Companies spend millions every year hyping the myth surrounding Kris Kringle. But they're not the ones parenting your child - or shouldn't be anyway. Studies going as far back as the 70s all agree most kids figure out the truth one way or another at age 8. So do you or do you not tell your young children about the fat man in the red suit - and just how much can they handle?
Santa's who do shifts at their local malls can earn anywhere from $30 to $75 an hour. Too bad it's only seasonal work. He'd be rolling in money if Santa could sign an endorsement deal. The Coca-Cola company alone spends an average of $3.3 billion on advertising, and without Santa's brand, they'd be scrambling around Christmas time.
Nature vs. Nurture
As a mom, the question of a belief in Santa came up early in my oldest daughter's life. Born in March, she was nearly a year old when her first Christmas came around. For many parents, however, the question comes up unexpectedly. Their child comes home from school or another child-centered space proclaiming that 'Tommy' told them there is no Santa Claus.
On the nature side of the coin, parents might argue that all kids find out eventually. After all, it didn't affect them adversely when they were children. For the majority, they'd be right. Most youngsters come through unscathed by the idea that Santa isn't real and push aside the fact that their parents and everyone else they know essentially lied to them.
On the nurture side, however, that's not always the case. A study in The Lancet Psychiatry shows that children can suffer psychological damage once they discover the lie. It's easy to assuage the conscience by telling yourself it's only a 'white' lie, but to a child, a lie is still a lie. This incidence is doubly true if you're trying to teach them not to lie or disciplining them for lying when they get caught.
The double standard can be confusing and frustrating to young children who are still learning why they shouldn't lie. These lessons can be even more complicated if a child is confused by a lie their parents or other trusted adults perpetuated.
Telling your child that Santa won't bring them anything good if they're misbehaving isn't likely to change their attitude for long. You might get a great moment or two from your little one if they are young, but their shenanigans will inevitably return within a matter of hours or days.
Getting children to behave over the long term is more about consistency and discipline than anything Santa offers. And when you still provide presents to a child who knows they've misbehaved, they might be left wondering where their lump of coal ended up.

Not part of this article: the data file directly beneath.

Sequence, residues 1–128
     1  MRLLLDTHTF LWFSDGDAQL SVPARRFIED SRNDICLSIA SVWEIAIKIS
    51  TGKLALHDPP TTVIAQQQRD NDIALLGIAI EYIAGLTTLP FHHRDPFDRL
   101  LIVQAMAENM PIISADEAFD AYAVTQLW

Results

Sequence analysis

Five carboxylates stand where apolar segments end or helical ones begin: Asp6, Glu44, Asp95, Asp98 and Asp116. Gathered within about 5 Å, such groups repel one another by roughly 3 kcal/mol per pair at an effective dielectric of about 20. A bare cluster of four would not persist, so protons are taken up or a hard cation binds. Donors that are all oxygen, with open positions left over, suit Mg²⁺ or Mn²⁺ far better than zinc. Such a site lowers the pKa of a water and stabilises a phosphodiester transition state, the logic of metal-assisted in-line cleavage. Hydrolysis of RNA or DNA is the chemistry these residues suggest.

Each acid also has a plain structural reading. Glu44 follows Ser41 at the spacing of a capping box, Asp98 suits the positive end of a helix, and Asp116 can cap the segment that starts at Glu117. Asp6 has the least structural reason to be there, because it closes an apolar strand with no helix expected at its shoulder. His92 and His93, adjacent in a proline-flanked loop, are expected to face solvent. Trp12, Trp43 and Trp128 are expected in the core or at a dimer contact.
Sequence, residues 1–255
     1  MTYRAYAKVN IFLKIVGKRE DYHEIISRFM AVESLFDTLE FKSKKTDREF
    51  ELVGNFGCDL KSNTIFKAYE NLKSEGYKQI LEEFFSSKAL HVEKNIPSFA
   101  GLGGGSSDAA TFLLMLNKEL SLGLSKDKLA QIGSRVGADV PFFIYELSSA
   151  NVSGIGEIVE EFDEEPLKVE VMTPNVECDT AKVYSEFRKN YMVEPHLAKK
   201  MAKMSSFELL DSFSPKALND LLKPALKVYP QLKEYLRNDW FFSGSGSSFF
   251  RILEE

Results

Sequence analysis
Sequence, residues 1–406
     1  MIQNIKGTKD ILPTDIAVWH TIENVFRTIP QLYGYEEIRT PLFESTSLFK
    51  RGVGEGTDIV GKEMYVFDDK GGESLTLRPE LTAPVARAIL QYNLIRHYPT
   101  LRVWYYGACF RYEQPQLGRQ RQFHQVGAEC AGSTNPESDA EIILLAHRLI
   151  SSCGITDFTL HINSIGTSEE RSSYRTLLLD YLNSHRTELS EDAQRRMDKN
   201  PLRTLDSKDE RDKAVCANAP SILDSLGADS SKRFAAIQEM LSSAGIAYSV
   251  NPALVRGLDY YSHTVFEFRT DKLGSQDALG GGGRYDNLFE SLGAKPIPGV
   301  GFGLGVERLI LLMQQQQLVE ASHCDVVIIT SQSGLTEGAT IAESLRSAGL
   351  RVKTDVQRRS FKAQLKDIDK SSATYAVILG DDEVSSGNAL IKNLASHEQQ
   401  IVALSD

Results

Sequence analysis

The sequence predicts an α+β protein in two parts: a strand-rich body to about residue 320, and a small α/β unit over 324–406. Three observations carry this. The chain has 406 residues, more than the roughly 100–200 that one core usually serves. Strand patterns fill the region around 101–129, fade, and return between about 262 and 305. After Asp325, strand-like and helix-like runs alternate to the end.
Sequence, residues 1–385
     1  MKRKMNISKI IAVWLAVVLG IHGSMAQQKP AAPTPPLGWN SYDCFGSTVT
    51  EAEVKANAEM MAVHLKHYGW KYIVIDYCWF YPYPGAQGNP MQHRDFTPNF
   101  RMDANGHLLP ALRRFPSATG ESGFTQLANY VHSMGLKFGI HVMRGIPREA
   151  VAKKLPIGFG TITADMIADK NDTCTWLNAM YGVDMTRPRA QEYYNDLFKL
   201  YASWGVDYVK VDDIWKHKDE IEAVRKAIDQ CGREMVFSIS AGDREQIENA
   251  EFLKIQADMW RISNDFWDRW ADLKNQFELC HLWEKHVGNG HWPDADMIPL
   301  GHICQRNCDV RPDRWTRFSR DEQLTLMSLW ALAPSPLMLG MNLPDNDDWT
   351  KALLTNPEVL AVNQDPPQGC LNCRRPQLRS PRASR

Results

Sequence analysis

Still, in the long run, the debate over whether to tell small children that Santa is or isn't real is more one of preference than necessity. From a very young age, my children learn that Santa, the Easter bunny, the Tooth Fairy, and other childhood myths aren't real. In others, however, the legends live in the hearts of children writing letters to Santa every winter. When the time comes, these children then grow up to pass them on to their children. These stories become a tradition that is part and parcel of the holiday season.
Clinical psychologist Paul DePompo makes a timely, practical point most parents can appreciate. "When a parent is already consistent in their discipline and positive praise for things like listening, talking nicely, being calm, a parent will often have enough credibility with their child where the child will believe the consequences of bad behavior."
You won't have to threaten that the elf on the shelf will tell Santa and he won't show up or deliver presents for Christmas to get your child to behave. They'll be so afraid of the consequences you lay out that they won't even care about Santa. Positive reinforcement and consistent discipline are the two most significant factors in getting children to behave in the way that you prefer. These two factors can also guarantee that your children behave relatively well all year long instead of just in time for presents.
Monkey See, Monkey Do
It's never a good idea to do something you don't want your child to try. As a parent, it's a general rule of thumb that your children, for the most part, will follow a path you've modeled for them. If, for instance, a child grows up in an abusive home, they are likely to either abuse or suffer from abuse in adulthood.
Deciding to keep the secret of Santa for your children as they grow may be beneficial to their maturing as they grow up. It also means they're likely to keep the secret from their children. Respecting each parent's choice on whether to 'spill the beans' about Santa or other holiday traditions is the side on which we should all fall.